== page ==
Social Studies June 2005

To Confirm Their Judge, Republicans Abandoned Their Ideas

To listen to Republicans defending Janice Rogers Brown, you would almost think she was Walter Mondale. Lacking was any defense of her views.

In floor debate on June 8, Sen. Trent Lott, R-Miss., mused, "I don't think this has been one of the Senate's proudest hours." As he spoke, the Senate was preparing to vote along party lines to confirm California state Supreme Court Justice Janice Rogers Brown to the U.S. Court of Appeals for the District of Columbia Circuit, after one of the fiercer confirmation battles Washington has seen recently. Actually, the Brown debate was a good one: passionate, well briefed, and more revealing than most. But it revealed less about Brown than it did about the Republicans who confirmed her.

Brown is a remarkable woman. She is the daughter of an Alabama sharecropper, as the Republicans repeated ad nauseam. She rose from a segregated childhood to become a prominent jurist with a sizzling pen and fierce convictions. Her worldview is that of an uncompromising libertarian, particularly as concerns property (or economic) rights. Property and contract are, for her, the lifeblood of liberty; and when, in the late 1930s, the country and the Supreme Court began treating property rights cavalierly, they set loose an inexorably advancing leviathan state. To Brown, moreover, it makes no sense to treat speech and privacy rights as sacrosanct but property rights as trivial, when the Founders viewed all those rights as of a piece.

More striking than Brown's philosophy is her tendency to express it in language reminiscent of Barry Goldwater in his intemperate prime. In a 2000 speech to the Federalist Society in Chicago, she said, "We no longer find slavery abhorrent. We embrace it. We demand more. Big government is not just the opiate of the masses. It is the opiate: the drug of choice for multinational corporations and single moms; for regulated industries and rugged Midwestern farmers and militant senior citizens." She spoke of the Supreme Court's belated acquiescence to the New Deal as "the Revolution of 1937," resulting today in "a debased, debauched culture." There is much more in this vein, and not just in her speeches. In a 2002 dissent involving a San Francisco housing regulation, she declared that private property "is now entirely extinct in San Francisco," replaced by "a neo-feudal regime."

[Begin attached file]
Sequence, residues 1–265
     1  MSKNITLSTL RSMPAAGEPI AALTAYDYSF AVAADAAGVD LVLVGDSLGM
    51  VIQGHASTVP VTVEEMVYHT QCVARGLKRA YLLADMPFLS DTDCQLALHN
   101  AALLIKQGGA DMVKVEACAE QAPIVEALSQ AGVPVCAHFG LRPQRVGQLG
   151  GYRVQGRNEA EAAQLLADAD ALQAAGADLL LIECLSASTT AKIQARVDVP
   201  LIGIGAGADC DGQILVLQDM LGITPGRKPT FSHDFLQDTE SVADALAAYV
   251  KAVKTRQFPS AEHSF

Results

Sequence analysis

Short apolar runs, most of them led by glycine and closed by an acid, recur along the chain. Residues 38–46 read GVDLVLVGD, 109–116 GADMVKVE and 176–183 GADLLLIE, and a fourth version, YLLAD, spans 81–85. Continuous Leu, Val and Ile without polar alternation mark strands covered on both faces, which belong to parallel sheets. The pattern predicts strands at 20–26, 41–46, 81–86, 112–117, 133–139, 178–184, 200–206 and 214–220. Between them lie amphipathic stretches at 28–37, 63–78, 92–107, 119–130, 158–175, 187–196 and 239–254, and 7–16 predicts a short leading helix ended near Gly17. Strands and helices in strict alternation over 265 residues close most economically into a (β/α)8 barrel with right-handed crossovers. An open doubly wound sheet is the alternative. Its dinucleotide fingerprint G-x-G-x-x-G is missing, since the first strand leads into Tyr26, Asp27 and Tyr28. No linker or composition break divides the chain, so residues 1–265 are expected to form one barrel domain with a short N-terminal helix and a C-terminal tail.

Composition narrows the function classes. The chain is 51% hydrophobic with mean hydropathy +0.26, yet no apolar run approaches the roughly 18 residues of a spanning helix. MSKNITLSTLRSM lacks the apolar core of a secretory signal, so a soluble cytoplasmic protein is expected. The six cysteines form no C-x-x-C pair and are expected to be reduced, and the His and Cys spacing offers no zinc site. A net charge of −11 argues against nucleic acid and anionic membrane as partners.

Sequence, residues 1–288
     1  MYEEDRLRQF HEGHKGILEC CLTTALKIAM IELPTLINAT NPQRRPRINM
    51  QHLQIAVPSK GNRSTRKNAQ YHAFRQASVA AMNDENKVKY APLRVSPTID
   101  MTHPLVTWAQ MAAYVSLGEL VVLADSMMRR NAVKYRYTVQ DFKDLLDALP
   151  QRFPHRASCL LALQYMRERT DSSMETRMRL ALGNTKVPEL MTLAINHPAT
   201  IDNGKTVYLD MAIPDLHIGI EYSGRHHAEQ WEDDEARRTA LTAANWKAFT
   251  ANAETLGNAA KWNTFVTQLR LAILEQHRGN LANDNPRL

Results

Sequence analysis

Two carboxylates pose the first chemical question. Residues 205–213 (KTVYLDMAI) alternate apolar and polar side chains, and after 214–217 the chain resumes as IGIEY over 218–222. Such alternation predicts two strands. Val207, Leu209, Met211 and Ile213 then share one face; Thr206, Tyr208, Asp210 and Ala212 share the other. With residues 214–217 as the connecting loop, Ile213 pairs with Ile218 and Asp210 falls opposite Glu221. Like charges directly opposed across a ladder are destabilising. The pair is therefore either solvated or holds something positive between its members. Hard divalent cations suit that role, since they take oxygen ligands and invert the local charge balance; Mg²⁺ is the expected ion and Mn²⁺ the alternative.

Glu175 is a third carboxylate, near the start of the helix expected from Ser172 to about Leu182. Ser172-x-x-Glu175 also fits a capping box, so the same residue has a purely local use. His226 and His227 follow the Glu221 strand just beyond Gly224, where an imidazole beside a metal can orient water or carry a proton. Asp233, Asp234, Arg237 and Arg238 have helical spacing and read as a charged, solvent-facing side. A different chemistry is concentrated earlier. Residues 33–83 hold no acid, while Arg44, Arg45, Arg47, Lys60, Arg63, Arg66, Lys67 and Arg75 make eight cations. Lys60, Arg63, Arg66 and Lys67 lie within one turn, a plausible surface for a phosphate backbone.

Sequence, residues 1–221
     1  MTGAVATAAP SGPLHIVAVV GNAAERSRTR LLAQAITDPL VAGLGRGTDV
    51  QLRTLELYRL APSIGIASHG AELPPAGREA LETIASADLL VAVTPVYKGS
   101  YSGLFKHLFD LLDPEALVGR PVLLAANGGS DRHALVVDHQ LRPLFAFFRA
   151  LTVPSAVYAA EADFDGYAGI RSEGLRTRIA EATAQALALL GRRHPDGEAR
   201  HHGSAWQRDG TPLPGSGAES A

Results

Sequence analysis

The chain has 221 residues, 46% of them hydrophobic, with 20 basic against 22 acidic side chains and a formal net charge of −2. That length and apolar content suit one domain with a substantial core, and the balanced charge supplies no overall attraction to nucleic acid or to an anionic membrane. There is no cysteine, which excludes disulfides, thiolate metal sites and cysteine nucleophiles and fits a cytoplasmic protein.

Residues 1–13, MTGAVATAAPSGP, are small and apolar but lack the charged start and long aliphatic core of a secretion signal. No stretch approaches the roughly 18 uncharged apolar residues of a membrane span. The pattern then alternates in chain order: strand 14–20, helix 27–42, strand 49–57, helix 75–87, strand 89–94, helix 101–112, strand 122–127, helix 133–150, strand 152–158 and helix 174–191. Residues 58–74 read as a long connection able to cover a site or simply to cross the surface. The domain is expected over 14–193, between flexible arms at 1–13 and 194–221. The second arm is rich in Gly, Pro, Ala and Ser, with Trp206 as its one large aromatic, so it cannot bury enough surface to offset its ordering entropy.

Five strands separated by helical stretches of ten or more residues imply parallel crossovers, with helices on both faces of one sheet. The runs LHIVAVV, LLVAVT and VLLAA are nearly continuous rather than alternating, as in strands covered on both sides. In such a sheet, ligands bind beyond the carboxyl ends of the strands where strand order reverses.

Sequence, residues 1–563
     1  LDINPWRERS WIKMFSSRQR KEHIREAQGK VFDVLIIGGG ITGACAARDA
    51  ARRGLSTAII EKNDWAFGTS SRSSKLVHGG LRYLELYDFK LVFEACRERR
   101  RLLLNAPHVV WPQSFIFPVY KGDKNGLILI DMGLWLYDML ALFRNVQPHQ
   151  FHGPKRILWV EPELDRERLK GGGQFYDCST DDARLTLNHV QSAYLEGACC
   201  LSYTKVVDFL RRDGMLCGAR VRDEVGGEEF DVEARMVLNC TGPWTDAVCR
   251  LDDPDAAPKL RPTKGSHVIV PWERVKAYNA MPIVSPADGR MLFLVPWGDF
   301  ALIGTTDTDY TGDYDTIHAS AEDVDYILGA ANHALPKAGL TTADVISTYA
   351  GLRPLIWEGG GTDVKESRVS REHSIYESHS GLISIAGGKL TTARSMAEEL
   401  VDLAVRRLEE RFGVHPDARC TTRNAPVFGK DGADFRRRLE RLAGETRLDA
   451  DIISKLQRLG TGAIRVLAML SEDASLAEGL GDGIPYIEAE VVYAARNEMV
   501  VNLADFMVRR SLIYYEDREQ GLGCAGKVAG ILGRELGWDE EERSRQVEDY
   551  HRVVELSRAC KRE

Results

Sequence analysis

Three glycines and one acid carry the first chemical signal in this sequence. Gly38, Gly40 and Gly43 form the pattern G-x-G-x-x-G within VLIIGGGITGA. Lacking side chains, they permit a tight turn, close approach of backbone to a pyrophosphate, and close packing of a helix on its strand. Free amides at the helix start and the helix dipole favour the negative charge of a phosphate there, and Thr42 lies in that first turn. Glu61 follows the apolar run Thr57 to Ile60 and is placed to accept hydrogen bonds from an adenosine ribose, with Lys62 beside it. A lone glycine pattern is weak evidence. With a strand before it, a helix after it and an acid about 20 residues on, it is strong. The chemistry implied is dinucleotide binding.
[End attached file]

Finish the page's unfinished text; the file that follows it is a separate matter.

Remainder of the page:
Democrats charged that Brown's temperament is radical and her views nutty. In her defense, Senate Republicans had a good deal to say. Most interesting, though, is what they did not say. With only few and brief exceptions, they were unwilling to defend her philosophy.

They recounted her life story. (Can you say "sharecropper's daughter" 898 times?) They listed endorsements. They harped on the 76 percent vote she won in a 1998 state retention election. (Absent scandal, that kind of support is standard for judges in unopposed retention elections. Anyway, if a majority of Californians can't be wrong, can we look forward to Republicans' revising their positions on medical marijuana and stem-cell research?)

A frequent refrain was that nominees should not be disqualified for using, as Judiciary Committee Chairman Arlen Specter, R-Pa., put it, "colorful phraseology." Said the chairman, "It is true that she has made undiplomatic statements, but she is not in the State Department." Sen. Mitch McConnell, R-Ky., debuted a theory of judicial confirmation that Democrats may have occasion to quote back to him: "We ought not [to] hold against nominees—particularly those who have written a good bit, published a good bit—their provocative statements."

They and other senators went on to argue that Brown's personal opinions should be distinguished from her judicial philosophy, which is one of restraint. The New Deal, they affirmed, will be safe in her hands. They noted that Brown has frequently written or joined in rulings that uphold government programs and regulations.

This is true. Writing for the majority in a 2000 case, for example, she upheld an assault-weapons ban that she openly detested. The legislature, she said, needed leeway to enact unfair and ineffective laws as long as it did not unduly burden individual or minority rights.

On the other hand, to claim, as Republicans did, that Brown's firebrand rhetoric reflects (a) mainstream opinion that (b) she won't act upon is as disingenuous as it is incoherent. "She has certainly expressed more sympathy for Lochner"—a 1905 Supreme Court decision, subsequently overturned, holding that property rights trumped government regulation—"than is currently respectable in mainstream legal circles," says David Bernstein, a George Mason University law professor who is sympathetic to Brown's views.

Presented by

Jonathan Rauch is a contributing editor of The Atlantic and National Journal and a senior fellow at the Brookings Institution.

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